One did not act out, period. Talking got your mouth taped shut or a trip to principal and a swat with the paddle. But
we could play whatever we wanted at recess, schools were not fenced, believe it or not, and we sometimes played on
the playground after school or on weekends. There was also much hypocrisy in 50's, bigotry, prejudice, segregation,
and so forth. That was the downside. We would ride our bikes all over, no one knew where you were or what you
were doing, no one hovered or monitored every action. I could roller skate until dark, up and down the streets alone.
I could take my dogs to the woods for hours of solitary rambles. We could play in the barn, in the hayloft, sneak in
to the pasture and ride the horses, etc.

The 60's were a fab time to be young. Great music, great styles, (mini skirts!.) and tons of others our age. We young
were everywhere, it seemed. Transistor radios. Tape decks. Live jazz at the LIghthouse in Redondo Beach. Hitch
hiking up to the Sunset Strip or up to San Francisco on Spring Break. I hitched across the US and Canada in the
summer of '66, selling acid along the way. Terrific fun. No worries about money, too much sun exposure, sex,
etc. Easy time to make friends, all you had to do was smile. The whole world was our oyster, it seemed. One
strived to be real, authentic, to be creative, to explore the world and try other ways (ie, communes) of living. Turn
on, tune in, drop out. Downside in those days? We still had the draft, and Viet Nam was constant. You could not
tune that out. Then of course, the murders, JFK, MLK, Bobby, on and on, the young bright minds. Idealistic
times, that's the truth and the bottom line. I moved to a teepee up in the mts, we wanted a purer life than
malls and suburbs.

Today, I still have fun, wear wild colors and macrame, make a lot of my clothes and so on, give as much as
I can to preserve nature and help animals. Gave up having a car 30 years ago. Life goes on. Still love
jazz and PBS.



klstoner
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08 Jun 2015, 7:36 am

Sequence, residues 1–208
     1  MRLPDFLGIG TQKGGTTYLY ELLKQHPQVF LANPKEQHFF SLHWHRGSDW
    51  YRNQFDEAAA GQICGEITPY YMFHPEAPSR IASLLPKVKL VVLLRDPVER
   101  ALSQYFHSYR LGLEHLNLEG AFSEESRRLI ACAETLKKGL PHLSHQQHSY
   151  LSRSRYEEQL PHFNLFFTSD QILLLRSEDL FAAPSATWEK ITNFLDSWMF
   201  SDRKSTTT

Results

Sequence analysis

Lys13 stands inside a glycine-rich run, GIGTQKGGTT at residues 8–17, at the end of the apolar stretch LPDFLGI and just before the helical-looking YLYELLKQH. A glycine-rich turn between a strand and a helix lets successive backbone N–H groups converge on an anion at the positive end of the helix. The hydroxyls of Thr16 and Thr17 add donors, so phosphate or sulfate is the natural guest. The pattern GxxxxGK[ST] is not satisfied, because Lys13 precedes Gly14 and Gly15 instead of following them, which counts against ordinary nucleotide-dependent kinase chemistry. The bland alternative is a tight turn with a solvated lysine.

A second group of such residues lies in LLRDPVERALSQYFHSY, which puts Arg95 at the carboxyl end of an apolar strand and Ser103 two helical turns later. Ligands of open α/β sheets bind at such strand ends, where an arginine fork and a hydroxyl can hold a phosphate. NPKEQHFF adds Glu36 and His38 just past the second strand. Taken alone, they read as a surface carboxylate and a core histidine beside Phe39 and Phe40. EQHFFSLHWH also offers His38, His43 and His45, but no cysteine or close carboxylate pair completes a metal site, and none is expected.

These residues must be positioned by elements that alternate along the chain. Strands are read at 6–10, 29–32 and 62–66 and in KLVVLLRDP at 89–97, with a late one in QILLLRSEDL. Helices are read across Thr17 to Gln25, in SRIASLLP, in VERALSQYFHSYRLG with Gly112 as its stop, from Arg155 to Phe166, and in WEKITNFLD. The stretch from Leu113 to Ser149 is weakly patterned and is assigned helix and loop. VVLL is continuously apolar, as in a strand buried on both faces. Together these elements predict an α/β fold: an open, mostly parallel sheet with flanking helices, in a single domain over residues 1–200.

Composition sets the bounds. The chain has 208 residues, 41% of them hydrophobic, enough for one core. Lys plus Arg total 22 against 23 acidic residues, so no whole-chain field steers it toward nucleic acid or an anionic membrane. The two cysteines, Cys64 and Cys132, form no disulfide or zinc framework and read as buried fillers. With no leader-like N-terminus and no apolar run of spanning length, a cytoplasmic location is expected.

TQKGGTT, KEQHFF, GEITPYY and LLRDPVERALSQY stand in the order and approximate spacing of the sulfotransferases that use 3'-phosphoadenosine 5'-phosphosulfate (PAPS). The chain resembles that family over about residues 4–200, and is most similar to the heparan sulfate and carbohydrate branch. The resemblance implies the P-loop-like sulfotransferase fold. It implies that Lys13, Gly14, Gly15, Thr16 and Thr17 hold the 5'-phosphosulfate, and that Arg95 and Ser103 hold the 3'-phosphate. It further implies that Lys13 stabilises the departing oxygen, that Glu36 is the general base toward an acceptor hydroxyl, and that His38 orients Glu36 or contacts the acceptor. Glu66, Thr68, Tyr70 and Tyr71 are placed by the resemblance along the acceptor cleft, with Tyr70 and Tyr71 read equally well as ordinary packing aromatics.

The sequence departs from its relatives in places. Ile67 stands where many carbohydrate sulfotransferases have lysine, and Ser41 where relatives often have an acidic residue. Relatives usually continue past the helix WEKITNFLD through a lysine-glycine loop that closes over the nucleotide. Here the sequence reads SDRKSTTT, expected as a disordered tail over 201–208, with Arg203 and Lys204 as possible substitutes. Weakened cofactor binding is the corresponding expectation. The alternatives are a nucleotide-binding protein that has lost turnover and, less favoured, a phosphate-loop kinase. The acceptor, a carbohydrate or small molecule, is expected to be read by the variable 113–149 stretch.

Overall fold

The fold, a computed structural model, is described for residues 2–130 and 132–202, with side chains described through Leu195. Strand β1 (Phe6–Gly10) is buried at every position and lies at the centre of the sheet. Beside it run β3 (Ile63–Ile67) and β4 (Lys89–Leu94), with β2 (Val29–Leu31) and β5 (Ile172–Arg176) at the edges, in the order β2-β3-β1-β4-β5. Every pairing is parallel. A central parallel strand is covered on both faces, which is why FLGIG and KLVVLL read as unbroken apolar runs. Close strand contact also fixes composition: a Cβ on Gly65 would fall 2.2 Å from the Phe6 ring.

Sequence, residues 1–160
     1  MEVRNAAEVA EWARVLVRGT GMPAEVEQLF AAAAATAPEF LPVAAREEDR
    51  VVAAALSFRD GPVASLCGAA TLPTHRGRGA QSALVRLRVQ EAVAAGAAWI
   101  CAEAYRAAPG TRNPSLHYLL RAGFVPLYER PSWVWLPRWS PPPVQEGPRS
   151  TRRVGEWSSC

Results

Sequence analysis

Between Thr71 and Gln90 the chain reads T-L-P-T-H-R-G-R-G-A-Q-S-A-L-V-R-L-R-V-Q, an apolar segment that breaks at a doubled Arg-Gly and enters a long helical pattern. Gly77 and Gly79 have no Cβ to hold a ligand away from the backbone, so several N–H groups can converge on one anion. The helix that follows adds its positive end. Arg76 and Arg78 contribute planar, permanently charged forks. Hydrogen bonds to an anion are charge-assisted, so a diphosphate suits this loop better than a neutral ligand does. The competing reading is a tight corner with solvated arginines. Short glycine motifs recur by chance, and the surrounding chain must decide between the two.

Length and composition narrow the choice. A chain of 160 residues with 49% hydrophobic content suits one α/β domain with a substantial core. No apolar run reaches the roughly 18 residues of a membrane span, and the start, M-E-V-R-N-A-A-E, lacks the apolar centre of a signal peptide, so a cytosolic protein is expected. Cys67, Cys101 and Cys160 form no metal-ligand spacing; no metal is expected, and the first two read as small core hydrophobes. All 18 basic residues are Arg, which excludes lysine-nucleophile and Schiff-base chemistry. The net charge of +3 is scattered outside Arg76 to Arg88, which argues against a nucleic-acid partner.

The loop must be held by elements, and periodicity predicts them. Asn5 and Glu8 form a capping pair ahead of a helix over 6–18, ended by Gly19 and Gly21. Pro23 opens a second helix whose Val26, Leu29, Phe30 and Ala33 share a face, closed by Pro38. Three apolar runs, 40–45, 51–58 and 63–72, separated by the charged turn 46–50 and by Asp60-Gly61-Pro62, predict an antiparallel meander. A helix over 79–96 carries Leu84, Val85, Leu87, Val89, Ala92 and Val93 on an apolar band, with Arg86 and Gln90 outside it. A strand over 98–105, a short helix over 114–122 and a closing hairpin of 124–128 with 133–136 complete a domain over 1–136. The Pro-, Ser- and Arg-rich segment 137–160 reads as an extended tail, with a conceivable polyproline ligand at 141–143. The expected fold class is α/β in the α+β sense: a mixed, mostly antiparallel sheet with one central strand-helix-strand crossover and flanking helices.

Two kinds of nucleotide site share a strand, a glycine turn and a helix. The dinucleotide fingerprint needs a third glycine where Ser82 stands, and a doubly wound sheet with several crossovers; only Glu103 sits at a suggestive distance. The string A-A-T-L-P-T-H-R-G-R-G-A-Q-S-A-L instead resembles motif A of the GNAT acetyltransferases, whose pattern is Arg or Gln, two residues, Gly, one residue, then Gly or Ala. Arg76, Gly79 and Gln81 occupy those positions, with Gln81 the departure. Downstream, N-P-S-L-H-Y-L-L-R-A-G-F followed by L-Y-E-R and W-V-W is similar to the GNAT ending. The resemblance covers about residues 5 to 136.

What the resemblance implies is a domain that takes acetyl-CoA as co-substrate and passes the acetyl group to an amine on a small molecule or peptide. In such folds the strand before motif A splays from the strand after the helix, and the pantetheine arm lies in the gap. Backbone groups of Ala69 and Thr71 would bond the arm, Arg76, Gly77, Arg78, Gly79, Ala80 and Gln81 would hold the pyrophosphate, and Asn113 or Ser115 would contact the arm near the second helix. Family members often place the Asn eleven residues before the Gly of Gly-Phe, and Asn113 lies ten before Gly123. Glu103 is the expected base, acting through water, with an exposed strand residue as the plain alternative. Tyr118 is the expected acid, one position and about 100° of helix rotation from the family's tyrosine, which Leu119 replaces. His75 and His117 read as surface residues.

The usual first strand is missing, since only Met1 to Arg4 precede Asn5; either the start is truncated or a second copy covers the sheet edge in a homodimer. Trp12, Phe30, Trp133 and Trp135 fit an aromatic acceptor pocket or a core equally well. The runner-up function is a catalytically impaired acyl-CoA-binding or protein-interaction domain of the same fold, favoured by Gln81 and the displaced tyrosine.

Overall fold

I'm just now rounding the corner on 50, but I remember well growing up in the 60s.

One of my aunts seems pretty clearly on the spectrum, and my mom had a hard time growing up with her in the 40s and 50s. She was basically her caretaker all throughout childhood, making sure she was safe and taken care of. She's had to defend her many times in job disputes and other domestic issues. My mother is still taking care of my aunt, and she's actually done a great job.

As for me, my saving grace was my grandfather. He was a botany professor who had a love of the outdoors and learning, and he really revelled in my obsession with obscure scientific interests. He got an earful of my studies of mid-Atlantic Native American tribes, cross-cultural comparisons with Great Plains tribes, as well as my every expanding mental catalog of draft horse types.

Nobody else knew what to do with me, but he really enjoyed my uber-nerdishness, and he encouraged me, rather than discouraged.

Everyone else was a different story. I had tremendous difficulties communicating to others -- streams of information about what I was studying, yes. Social interaction, no.

That was easily dealt with, thanks to a full-featured internal world, a whole crowd of "imaginary" friends, and plenty of discussions with myself -- and only myself. I taught myself to converse by talking to myself, working on my pacing and my prosidy. I had to teach myself, because nobody else could figure it out. I was smart in some ways, and completely clueless in others. Most of my self-instruction happened out in the woods, where I spent hours and hours by myself, often climbing trees.

Anyway, thanks for opening this thread. I haven't thought about a lot of this in a number of years.

Cheers
K



Alexanderplatz
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09 Jun 2015, 8:16 pm

58 and just dx'd, I can remember the world before the beatles

Telstar, beehive hairstyles, bubble cars - and everybody stood up in the cinema when the National Anthem was played.